High court tackles campus free speech

November 15, 1994|By Lyle Denniston | Lyle Denniston,Washington Bureau of The Sun

WASHINGTON -- The Supreme Court, acting in the celebrated case of a black professor who made a scathing speech against Jews, raised the possibility yesterday that public colleges and universities will have more authority to curb "hate speech" by faculty members.

In a brief order issued after studying the case for seven weeks, the court wiped out a legal victory that the professor had won in lower courts and ordered a new review of City College of New York's move to punish him.

The justices cited one of their own rulings, issued in May in a case involving the punishment of a hospital nurse for griping about job conditions. The ruling appeared to favor added power for government supervisors to discipline employees for remarks that the supervisors believed disrupted the workplace.

Lawyers for New York state relied heavily on the May ruling in urging the justices to hear the new case. Rather than granting review of the CCNY appeal or turning the appeal aside, as the professor's lawyer had urged, the justices erased the lower-court decision and directed a new review.

The case involves Dr. Leonard Jeffries Jr., a professor at CCNY and the chairman of its black studies department, who was a pioneer in that field. Just after being recommended in 1991 for a seventh three-year term as department chairman, he made a speech at a black arts and cultural festival. The speech, which caused an uproar at CCNY and throughout the state, included claims that blacks had been given a negative image in the film industry because of a conspiracy led by Jews in Hollywood "and their financial partners, the Mafia."

An exponent of "multicultural education," Dr. Jeffries lambasted the critics of that educational philosophy, saying that Jews had made "an orchestrated attack" on his theories. He openly criticized some of his faculty colleagues, referring to the college ombudsman, Bernard Sohmer, as "the head Jew at City College."

When his reappointment as department chairman came up, he was named for only one year, instead of the usual three; several members of the university's board said they had acted against him only because of the contents of the speech.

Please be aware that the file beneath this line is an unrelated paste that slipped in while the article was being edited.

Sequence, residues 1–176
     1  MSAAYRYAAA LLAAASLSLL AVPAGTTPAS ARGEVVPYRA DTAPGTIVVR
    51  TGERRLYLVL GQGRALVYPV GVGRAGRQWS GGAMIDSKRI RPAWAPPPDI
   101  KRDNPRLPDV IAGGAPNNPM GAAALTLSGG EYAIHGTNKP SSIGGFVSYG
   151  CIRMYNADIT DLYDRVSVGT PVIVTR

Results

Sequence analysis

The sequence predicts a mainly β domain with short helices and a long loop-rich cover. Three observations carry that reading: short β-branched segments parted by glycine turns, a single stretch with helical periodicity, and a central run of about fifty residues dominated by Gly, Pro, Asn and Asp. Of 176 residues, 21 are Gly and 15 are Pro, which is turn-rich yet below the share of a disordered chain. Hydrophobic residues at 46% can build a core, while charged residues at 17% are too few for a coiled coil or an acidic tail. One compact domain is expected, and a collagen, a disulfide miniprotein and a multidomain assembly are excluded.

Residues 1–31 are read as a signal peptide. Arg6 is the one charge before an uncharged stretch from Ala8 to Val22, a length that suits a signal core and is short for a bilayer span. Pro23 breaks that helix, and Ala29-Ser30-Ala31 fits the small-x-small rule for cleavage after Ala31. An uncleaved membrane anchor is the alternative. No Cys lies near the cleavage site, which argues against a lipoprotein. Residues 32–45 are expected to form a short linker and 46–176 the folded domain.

He sued, and won reinstatement as department chairman, plus $400,000 in damages. Later, the damages sum was reduced to $360,000.

A federal appeals court ordered the damages issue to be reconsidered by the trial judge. But it did rule that Dr. Jeffries' constitutional right of free speech had been violated, because he had been talking about public issues and because there was no firm conclusion that his remarks disrupted university life.

CCNY officials took the case on to the Supreme Court, saying there was "a tumult" in the nation's academic community over the power of public colleges to punish those who engage in "hate speech." It urged the justices to clarify the authority of university administrators to act when a faculty member's public remarks threaten to impair the institution's effectiveness.

The issue becomes a constitutional one when a public college or university is involved, because faculty members and other employees of such institutions are protected by the free-speech clause of the First Amendment. That protection does not apply to a private institution's employees.

The justices have been pondering the CCNY case since their first session this fall, and apparently dug deeply into it before deciding to order a new review by lower courts. The court did not reveal how the justices voted on the CCNY case. The votes of at least five justices were needed to send the case back to the lower court.

In other action yesterday, the court agreed to decide whether the U.S. government may be sued for damages when a U.S. drug agent injures someone in an incident in a foreign country, and it asked the Justice Department for legal advice on whether state political parties that pick their nominees by party convention must obey the federal voting rights act.

That issue arises in a case growing out of Virginia Republicans' nomination of Oliver L. North for a U.S. Senate seat. Mr. North's campaign committee is no longer involved in the case.

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